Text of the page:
-the thing about accomodations is that the decision is basically yours.  I opted for the slightly more expensive option because there was no sign of roaches.  All the apt.s I saw were two bedroom, cheapest was $2600 for the year, mine is $4300 for the year. Down side is, there is some kinda funk in the apt. which I don't know how to get rid of.  If you saw the other apartments I saw, you probably would have chosen mine too.  The building has an awesome pool, like frickin incredibly elaborate (no deep end though because most Indonesians don't know how to swim) and a wight room which I have made good use of.  Bottom line, because I've gotten glimpses of how the regular Indonesian lives, I really can't make any legitimate complaint about my apt.  A bank worker here gets $150US while I get $1330 so... basically I feel like a complete piece of human filth if I complain about most things.

Tuesday, November 17, 2009

Kelapa Gading: Glutton's Paradise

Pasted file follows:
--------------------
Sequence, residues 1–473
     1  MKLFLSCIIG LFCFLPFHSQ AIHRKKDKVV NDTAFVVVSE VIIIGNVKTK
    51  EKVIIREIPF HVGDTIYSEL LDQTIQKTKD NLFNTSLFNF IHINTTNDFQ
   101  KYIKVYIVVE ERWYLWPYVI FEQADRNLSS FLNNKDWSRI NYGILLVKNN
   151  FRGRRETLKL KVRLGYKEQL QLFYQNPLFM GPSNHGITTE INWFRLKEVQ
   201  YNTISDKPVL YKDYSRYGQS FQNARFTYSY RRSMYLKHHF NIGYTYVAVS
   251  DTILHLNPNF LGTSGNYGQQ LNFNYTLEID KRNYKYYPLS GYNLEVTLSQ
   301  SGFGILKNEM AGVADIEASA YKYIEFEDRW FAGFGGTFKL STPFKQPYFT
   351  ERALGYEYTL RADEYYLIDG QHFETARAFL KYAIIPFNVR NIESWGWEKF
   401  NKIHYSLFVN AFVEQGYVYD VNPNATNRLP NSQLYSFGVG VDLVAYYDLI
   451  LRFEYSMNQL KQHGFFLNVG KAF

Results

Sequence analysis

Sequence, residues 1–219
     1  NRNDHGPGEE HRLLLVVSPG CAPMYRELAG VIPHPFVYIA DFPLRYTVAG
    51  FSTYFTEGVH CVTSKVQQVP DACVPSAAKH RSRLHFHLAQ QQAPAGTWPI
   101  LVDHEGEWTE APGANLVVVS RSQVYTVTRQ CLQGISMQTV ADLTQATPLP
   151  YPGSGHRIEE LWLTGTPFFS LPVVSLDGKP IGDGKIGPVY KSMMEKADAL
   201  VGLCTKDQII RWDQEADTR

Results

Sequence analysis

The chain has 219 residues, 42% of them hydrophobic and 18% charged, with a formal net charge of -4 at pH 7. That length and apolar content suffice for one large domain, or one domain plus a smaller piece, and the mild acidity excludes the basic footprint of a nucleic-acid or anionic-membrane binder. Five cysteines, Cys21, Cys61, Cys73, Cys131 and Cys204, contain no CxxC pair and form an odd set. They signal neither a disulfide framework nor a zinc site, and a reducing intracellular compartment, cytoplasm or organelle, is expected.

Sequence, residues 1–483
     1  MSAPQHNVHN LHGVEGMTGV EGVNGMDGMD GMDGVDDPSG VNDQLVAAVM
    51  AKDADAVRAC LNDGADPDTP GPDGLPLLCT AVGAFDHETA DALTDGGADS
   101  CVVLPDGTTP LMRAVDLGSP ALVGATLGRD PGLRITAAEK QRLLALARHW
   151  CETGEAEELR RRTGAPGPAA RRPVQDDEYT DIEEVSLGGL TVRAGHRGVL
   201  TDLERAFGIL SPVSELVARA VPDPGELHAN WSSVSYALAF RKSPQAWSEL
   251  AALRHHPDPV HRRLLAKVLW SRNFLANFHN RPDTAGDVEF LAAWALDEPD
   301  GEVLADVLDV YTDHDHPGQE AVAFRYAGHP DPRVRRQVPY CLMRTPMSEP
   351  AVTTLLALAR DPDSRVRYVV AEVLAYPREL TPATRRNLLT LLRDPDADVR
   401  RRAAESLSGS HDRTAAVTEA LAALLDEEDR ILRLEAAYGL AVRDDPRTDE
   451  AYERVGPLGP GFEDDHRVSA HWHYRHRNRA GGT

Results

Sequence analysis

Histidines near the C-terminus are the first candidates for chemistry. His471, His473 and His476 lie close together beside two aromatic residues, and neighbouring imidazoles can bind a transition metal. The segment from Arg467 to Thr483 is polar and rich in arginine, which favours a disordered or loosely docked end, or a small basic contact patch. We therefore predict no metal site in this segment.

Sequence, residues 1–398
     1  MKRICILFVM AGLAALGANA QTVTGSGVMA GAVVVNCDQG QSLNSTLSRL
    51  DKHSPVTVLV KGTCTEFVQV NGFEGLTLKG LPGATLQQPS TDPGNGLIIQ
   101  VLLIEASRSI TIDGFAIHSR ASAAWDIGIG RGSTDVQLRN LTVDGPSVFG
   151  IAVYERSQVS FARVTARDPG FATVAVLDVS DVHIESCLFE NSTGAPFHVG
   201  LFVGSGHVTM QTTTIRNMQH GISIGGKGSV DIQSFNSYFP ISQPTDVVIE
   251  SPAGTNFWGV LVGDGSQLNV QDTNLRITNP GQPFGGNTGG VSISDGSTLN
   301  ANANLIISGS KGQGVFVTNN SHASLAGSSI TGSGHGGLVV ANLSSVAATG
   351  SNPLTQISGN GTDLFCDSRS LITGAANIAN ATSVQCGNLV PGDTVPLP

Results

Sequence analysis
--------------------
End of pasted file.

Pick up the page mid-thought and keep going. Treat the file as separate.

The area I live in IS food. Everything about Kelapa Gading is infused with culinary touches. The name itself means Ivory Coconut, which is a species of coconut known for its deliciousness. The area is home to Kelapa Gading Food City, which is a courtyard of decent restaurants conveniently located in the mall where I work. A note about malls, when I say "in" I don't mean indoors. In Indonesia, most malls have not only indoor shops, but also a courtyard area filled with food stands, and walled in on all sides by restaurants. At these food courtyards, you can find any kind of Indonesian food (more on that later) as well as Indian, Chinese, Thai and Vietnamese food. The variety of food to be found here is not quite on par with Toronto in terms of geographical breadth, but, this place quite possibly gives Toronto a run for its money on number of dishes available. For example, under the umbrella of Indonesian food can be found literally a dozen different regional foods. There is Betawi food, which is the name of the ethnic group that traditionally inhabited the vicinity of modern day Jakarta and West Java. One Betawi specialty is sun dried beef, which is basically like thick beef jerky. The sound of it slightly turned me off when I heard about it (sun dried+beef=??? rotten beef?) but it is in fact amazing. Also hailing from Betawi comes the wonderful beverage known as Wadung Ronde (I think?). It is comprised of ginger juice, tapioca bubbles, grass jelly, roasted peanuts, mung beans and small pieces of sweet bread. Served warm, it is the perfect way to get cleanse your palet and help your digestive system (via the ginger, and trust me, your digestive system needs help in Indonesia). Then there is Acehnese food, Sunda food, Sumatran food, Padang food, Bandung food and the list goes on. Padang food is worth mentioning. It is spicy, greasy, salty and gets right down to the heart of what culinary indulgence really is. The Padang restaurant 'system' is also worth describing. You can spot a Padang restaurant easily by looking for the two hallmarks of this region. One is the sloped roof, usually just sticking out of the facade of the storefront over the door. Then, there is also the bowl pyramid. Padang restaurants store their food stacked up in brick-like layers formed into a pyramid. When you order, a number of these dishes are brought to your table, and any bowls from which you touch, you pay for. Fried chicken, grilled fish, dried fish quiche (better than it sounds), marijuana marinated beef and green chilli salad (incendiary) all sit before you, challenging you not to sample them. For example, for lunch today, I ordered what I thought was Padang beef jerky only to be informed by a 'helpful' co-worker that it was in fact dried cow lung. It was actually pretty decent, if a little bubbly and grisly. The only bad culinary experience I've had so far also involved offal. It was a pho-like soup laden with msg, and like pho, it contained slices of semi-cooked beef which cooked in your bowl. Also like pho, it had additional goodies like tripe, tendon, something unidentifiable and sprouts. UNLIKE pho, it had no noodles, and lots and lots of the tripe, tendon and 'other'. It was really a bowl of awful/offal.